A mineral higher in magnesium is a simple way to help prevent grass tetany and meet the needs of lactating females grazing cool-season forages. Provide high magnesium mineral two to three weeks before cattle are first exposed to lush grass to achieve consistent intake before the time of highest risk. Continue feeding for 60 days after the first sign of grass growth.

3. White muscle disease:

When selenium or vitamin E is low in a cows’ diet during gestation, young calves can acquire nutritional myodegeneration (NMD), commonly referred to as white muscle disease. Calves born with low selenium or vitamin E levels suffering from white muscle disease can have two types: a congenital version and a delayed response version.

The congenital version of NMD impacts the heart and is fatal in most cases, with calves dying in a few days. The delayed response version results in weak calves that can’t stand, but can be remedied with injectable selenium and vitamin E when calves exhibit symptoms.

Fortunately, white muscle disease is avoidable with balanced nutrition. If soil selenium levels are low, feeding higher selenium levels is recommended, especially during gestation. Testing forages for selenium levels and other nutrients, particularly if you are in regions like the Pacific Northwest and Great Lakes, is a good idea to get a baseline of your mineral needs.

4. Urinary calculi:

Male cattle can develop kidney stones or urinary calculi when there is an inverted calcium:phosphorus ratio in the diet. Urinary calculi can happen when feeding higher levels of distillers’ grains or grazing forages that are high in phosphates.

A balanced mineral program helps reduce the risk of urinary calculi by providing the correct calcium:phosphorus ratio.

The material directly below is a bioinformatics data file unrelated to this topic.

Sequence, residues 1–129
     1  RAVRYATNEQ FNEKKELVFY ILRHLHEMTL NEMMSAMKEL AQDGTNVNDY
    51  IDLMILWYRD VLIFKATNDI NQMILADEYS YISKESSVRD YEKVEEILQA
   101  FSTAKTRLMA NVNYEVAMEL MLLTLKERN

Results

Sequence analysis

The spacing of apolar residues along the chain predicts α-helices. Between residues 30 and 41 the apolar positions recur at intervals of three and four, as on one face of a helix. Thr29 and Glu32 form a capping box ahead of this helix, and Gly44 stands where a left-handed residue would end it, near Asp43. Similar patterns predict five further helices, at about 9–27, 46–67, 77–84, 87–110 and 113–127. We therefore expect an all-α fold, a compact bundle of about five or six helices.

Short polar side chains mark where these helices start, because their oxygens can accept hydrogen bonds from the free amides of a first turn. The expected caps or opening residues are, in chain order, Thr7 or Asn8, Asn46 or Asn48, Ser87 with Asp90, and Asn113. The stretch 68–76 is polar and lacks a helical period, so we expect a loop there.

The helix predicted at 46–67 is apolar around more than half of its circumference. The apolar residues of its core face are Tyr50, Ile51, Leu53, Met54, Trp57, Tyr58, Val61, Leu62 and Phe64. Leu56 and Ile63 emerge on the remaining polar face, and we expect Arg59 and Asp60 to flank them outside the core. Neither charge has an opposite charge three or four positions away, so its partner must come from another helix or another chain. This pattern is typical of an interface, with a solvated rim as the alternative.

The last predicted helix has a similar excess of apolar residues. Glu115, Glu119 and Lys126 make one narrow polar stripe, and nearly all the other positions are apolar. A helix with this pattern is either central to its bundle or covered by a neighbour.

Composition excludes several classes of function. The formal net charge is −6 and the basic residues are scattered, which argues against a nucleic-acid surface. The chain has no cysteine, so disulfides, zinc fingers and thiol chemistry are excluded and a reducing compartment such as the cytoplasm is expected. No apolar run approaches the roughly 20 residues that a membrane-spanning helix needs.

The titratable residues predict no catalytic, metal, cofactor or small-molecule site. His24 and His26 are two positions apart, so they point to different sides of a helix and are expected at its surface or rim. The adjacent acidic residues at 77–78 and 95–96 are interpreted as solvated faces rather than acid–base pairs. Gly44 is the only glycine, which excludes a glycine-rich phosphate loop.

Get extra benefits from additives:

Minerals can also be a convenient way to deliver additives that support the health of your herd.

Fly control:

Controlling flies means that those flies are less able to bite and stress your cattle. Reducing flies benefits the immune system because cattle don’t devote nutrients to fighting and avoiding flies.

An insect growth regulator (IGR) in mineral can help to limit horn flies. Purina® Wind and Rain® Fly Control mineral contains Altosid® IGR, which inhibits the horn fly life cycle in the manure by stopping pupae from developing into biting adult flies.

Bloat:

The risk of bloat is common when grazing lush grasses during the early part of the grazing season. Ionophores added to mineral can help relieve bloat. Mineral intake is also key to increasing ionophore intake and limiting bloat when forage is lush. If the mineral isn’t palatable, cattle won’t consume the needed ionophore.

In conclusion, there’s no “one-size-fits-all” approach for addressing all the issues that arise with herd management. Visit Kissimmee Valley Feed to determine the appropriate formulation for Using Mineral As Cost-Effective Health Management.

Resources:

Kent Tjardes, Ph.D., cattle nutritionist for Purina Mills

The Impact of Heat Stress on Deer

Monday, August 1st, 2022

The Impact of Heat Stress on DeerThe Impact of Heat Stress on Deer: Heat stress can have metabolic and hormonal effects on ruminants that have significant production impacts. This includes reduced feed intake, growth, milk production and reproduction. By understanding heat stress, when it occurs, and its impact on deer can help improve management decisions.

Understanding Heat Stress: